When I started working as an RRT I was instructed on the correct method of doing a capillary blood gas (cbg) on a neonate. When I was told I had to cut the foot with a blade and drip blood into a tube I cringed, "I don't' want to do that."
For a couple years thereafter I gulped every time my pager went off that I had to go to OB for a bad baby. Just the thought that I might have to do one of those CBG things made my cringe.
After I had been here five years it occur ed to me the pediatricians who work here had never ordered a CBG. Yippy! I never had to do one of those dreaded things. Then one day I noticed that the CBG kids were gone too. It was clear I would never have to do one.
A few days ago, however, I was talking with a pediatrician from Spectrum Health in Grand Rapids, Michigan, and he said to me, "Do you guys to capillary blood gases where you work?"
"No!" I said, "and thankfully so."
"Do you even have kits anymore?"
"No. The pediatricians must have realized those things are pretty much useless."
"Well," he said, "the reason I asked is because we do CBGs now at Butts. Too many studies show that umbilical lines cause to many infections, so we try to stay away from them wherever possible."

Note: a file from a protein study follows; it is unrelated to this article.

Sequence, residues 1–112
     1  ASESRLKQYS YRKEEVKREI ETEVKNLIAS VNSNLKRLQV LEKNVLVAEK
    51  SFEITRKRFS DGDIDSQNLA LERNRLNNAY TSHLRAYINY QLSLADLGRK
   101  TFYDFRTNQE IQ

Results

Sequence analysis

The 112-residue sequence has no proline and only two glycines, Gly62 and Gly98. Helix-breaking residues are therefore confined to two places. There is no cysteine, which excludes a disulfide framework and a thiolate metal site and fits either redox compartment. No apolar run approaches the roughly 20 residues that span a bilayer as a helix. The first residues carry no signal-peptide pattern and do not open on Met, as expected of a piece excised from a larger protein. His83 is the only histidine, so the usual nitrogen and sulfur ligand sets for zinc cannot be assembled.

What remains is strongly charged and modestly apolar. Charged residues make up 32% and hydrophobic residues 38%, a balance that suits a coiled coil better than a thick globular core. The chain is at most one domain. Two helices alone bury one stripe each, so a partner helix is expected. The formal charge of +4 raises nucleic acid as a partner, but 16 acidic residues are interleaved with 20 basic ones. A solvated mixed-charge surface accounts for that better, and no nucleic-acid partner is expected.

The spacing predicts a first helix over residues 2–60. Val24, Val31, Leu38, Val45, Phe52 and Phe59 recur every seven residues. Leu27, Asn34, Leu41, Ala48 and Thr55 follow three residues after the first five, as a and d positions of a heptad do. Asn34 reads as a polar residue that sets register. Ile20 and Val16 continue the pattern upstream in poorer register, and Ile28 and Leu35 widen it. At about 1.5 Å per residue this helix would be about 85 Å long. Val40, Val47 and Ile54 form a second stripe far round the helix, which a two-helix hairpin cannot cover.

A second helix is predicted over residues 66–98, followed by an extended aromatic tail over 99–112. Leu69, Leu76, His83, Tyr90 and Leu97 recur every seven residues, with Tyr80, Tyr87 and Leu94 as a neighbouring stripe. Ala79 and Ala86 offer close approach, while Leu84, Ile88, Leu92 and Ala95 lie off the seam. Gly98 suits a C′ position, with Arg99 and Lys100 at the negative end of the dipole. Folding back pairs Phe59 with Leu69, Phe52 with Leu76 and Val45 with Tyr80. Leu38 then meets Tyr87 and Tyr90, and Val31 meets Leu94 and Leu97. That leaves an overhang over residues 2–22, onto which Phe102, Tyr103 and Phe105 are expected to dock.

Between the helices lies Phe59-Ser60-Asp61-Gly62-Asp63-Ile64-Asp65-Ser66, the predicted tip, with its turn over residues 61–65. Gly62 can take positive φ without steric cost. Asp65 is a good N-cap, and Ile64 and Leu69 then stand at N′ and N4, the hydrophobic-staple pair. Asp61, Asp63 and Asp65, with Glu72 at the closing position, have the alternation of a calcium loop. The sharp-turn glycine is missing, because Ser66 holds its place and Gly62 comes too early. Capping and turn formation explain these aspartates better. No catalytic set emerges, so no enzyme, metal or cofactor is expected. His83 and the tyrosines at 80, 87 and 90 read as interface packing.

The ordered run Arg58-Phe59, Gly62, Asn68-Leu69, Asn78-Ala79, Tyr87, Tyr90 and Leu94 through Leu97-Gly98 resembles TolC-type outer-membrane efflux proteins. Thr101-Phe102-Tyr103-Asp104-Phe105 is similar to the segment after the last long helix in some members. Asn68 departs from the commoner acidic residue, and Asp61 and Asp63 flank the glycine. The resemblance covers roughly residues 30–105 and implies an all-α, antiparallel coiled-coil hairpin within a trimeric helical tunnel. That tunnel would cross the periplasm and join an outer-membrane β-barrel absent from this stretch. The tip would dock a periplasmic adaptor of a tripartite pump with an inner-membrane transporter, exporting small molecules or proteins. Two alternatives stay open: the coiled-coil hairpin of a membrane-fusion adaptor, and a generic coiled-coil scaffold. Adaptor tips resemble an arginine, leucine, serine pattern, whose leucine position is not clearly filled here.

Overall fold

Oh, I thought. So you're not on my side. "Oh! So you're recommending that we do ABGs?"
"Yes. I know most hospitals got rid of them, but now we've pretty much decided that a venous pH, along with a sat monitor, can give you a pretty decent estimate of what is going on with the baby."
Actually that does make sense to me. I've debated with doctors in our ER for years that a venous pH is not much different from an arterial. And we all try to convince doctors that a sat is all that is needed to confirm hypoxia.
"Do you guys have the capacity to do them," he asked, "I mean on your ABG machine?"
"Yes. I think we do."
He said, "The procedure is much better than it used to be. All we do now is prick them they same way you prick someone when you are going to check their sugar. It's not as bad as it used to be."
"Well that shouldn't be so bad then," I said. "And since we send all our bad babies to you guys, all our protocols are based on your protocols anyway. So, if you recommend we do CBGs, I bet we'll probably do CBGs"
"Good deal," he said.
So, will CBG kits find their way back to hospitals? Do you guys do CBGs where you work? Does anyone have any research on the value of CBGS, or studies that show UV lines cause too many infections to make CBGs worthwhile?